The way the Amazon patent application is written, it seeks to avoid the need for human involvement to ensure that vehicles do not collide with other drones, manned aircraft, or other objects or structures on the ground. It also discusses a system for automatically sensing and avoiding objects. Thus, the “automated mobile vehicles” of the application and recited in the claims appear to be directed to autonomous drones. However, at this stage it is not yet clear whether the claims in any patent that issues will be limited to autonomous drones, but might also cover remotely-piloted drones. It remains to be seen whether the examination process will push Amazon into limiting the claims to autonomous operation.
The Amazon patent application also discusses the distance determining elements being used to detect the presence of objects and to then cause the automated mobile vehicle to alter its path to avoid the object. Thus, the distance determining elements seem to be used not only for unloading positioning, but also for sense and avoid in flight. While in a remotely piloted context, a sense and avoid system may not need to actually determine distances to other objects. The remote pilot could rely on visual displays of the surrounding environment of the drone to avoid collisions. However, in an autonomous operation, it is difficult to envision any sense and avoid system that would not need to know at least the distance from the drone to surrounding objects to function. Amazon appears to be using this need to know such distances in the autonomous context to preempt the field. In other words, a patent covering any autonomous drone that determines distance to surrounding objects might preclude any other drones from being able to have a functioning sense and avoid capability.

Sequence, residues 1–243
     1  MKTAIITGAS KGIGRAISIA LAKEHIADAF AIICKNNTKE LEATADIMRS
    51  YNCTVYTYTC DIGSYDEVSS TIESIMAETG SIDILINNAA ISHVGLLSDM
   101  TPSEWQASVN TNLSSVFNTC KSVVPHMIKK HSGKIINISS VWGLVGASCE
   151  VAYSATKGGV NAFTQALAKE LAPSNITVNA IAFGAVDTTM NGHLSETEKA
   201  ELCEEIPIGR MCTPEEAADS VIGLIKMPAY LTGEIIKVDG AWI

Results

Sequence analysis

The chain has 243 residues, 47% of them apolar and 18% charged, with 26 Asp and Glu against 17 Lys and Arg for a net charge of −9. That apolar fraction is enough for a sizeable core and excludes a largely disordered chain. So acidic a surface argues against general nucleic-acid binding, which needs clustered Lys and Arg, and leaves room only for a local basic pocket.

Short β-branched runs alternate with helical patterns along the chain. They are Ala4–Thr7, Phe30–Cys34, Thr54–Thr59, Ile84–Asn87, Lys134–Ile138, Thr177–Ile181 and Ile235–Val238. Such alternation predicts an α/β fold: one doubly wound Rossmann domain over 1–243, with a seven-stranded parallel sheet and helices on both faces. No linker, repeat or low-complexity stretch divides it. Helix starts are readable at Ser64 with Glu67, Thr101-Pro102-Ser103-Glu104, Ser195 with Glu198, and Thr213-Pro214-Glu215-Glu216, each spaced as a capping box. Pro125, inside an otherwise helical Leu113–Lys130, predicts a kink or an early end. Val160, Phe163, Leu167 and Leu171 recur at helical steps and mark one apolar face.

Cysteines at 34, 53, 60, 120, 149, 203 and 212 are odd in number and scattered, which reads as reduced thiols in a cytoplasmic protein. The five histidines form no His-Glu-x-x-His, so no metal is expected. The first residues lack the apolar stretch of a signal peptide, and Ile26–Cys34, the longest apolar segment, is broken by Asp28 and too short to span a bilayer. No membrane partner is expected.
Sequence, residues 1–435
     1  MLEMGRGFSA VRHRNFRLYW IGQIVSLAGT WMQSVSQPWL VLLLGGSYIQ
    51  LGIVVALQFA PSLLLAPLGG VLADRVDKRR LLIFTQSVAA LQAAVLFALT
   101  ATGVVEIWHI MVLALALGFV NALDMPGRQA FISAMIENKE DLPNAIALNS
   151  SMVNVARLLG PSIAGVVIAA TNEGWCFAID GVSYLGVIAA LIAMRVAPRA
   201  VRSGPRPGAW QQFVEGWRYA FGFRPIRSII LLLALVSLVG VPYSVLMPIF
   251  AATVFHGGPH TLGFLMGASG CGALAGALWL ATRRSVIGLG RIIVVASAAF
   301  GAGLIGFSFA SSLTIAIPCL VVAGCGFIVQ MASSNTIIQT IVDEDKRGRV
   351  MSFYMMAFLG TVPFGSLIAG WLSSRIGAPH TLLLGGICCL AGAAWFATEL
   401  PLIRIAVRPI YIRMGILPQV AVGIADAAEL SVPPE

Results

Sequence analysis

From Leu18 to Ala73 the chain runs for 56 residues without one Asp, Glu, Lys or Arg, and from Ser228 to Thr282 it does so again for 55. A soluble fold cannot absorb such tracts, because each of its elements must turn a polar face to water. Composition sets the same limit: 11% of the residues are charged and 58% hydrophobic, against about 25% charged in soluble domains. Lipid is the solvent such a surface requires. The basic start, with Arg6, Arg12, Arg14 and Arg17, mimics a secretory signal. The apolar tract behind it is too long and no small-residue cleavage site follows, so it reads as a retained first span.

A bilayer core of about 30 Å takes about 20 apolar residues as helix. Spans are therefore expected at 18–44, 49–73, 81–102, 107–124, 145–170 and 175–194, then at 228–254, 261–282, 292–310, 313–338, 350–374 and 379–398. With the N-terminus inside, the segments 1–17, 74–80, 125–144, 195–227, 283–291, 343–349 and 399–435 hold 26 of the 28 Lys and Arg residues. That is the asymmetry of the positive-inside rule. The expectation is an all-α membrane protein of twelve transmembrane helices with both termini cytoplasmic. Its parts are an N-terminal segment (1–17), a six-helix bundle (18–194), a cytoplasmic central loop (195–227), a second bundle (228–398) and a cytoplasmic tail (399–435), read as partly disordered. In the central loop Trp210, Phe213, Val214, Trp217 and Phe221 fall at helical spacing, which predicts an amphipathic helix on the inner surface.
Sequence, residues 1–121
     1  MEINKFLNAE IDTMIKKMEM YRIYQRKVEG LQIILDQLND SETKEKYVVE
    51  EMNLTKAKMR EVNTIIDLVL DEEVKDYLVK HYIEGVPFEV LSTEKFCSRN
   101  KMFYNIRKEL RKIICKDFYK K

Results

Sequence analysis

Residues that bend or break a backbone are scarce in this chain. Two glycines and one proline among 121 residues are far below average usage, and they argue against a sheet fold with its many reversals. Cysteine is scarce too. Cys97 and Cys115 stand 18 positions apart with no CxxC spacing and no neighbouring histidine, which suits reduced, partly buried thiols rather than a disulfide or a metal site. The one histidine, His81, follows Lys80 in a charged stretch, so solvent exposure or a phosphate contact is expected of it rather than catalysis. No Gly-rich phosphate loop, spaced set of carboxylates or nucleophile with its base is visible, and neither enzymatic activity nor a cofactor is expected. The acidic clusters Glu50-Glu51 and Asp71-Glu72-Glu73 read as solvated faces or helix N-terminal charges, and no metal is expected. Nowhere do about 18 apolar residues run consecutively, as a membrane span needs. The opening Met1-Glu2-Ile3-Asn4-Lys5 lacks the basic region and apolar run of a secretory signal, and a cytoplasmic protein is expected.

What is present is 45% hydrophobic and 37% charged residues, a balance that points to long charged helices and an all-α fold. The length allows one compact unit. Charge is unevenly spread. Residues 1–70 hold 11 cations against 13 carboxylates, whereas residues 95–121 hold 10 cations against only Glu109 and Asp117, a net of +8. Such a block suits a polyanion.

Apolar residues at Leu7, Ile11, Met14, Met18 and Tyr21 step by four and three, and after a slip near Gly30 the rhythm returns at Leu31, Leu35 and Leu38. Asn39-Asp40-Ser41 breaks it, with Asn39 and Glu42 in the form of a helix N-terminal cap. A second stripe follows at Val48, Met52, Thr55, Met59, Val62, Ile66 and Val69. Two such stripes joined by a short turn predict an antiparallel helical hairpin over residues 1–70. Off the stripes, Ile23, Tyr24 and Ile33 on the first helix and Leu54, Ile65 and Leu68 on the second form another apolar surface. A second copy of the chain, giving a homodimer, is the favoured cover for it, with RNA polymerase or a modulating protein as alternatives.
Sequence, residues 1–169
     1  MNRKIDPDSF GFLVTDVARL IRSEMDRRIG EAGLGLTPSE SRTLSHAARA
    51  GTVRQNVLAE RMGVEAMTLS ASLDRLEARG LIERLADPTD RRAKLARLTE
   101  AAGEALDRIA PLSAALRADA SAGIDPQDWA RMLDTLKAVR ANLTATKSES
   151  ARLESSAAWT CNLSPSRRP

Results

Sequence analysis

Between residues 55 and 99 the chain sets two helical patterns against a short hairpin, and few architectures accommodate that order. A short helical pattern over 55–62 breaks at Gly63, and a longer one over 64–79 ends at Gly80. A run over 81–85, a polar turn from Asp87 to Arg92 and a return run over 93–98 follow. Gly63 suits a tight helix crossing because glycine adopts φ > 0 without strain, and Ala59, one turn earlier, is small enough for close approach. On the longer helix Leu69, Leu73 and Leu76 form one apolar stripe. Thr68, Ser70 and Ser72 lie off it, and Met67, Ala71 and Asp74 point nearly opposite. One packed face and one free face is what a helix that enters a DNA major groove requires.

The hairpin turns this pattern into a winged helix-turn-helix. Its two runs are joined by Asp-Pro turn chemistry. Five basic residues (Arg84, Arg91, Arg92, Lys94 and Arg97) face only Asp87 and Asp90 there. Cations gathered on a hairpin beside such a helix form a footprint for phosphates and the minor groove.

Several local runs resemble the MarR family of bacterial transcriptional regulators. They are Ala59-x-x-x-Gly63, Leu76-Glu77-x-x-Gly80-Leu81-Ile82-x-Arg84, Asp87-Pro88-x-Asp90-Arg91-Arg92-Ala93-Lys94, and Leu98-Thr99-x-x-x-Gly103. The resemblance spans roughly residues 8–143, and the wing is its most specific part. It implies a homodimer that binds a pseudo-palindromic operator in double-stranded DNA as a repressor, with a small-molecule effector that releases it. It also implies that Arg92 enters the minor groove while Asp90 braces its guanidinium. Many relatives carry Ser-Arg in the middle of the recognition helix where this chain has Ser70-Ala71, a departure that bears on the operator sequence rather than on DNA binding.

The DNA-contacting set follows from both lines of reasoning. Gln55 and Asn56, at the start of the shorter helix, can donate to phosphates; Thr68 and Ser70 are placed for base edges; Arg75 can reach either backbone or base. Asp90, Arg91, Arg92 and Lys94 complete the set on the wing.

The broadest claims in the Amazon patent application just recite a “distance determining element.” In a narrower claim, the application specifies “the distance determining element is at least one of an ultrasonic ranging module, a laser rangefinder, a radar distance measurement module, stadiametric based rangefinder, a parallax based rangefinder, a coincidence based rangefinder, a Lidar based rangefinder, Sonar based rangefinder, or a time-of-flight based rangefinder.” Thus, at this stage, Amazon is trying to cover all of the named techniques, any combination of those techniques, as well as anything else that could broadly be considered a distance determining element.
As noted, the Amazon patent application is still just pending and has yet to be examined. Amazon may have other patent applications pending that have not yet been published, and therefore are not yet open to review by the public. FAA regulations are also still developing. Thus, much remains to be determined even as it relates to Amazon itself. Other entities may also be working on drone delivery systems and/or have pending patent applications that have not yet been published. Domino’s Pizza is said to have tested delivering pizzas by drone. Skype’s co-founders have set up Starship Technologies to develop a ground-based drone that would be able to deliver groceries to customer’s homes. It will be very interesting to see how the intellectual property protection for drone delivery systems plays out.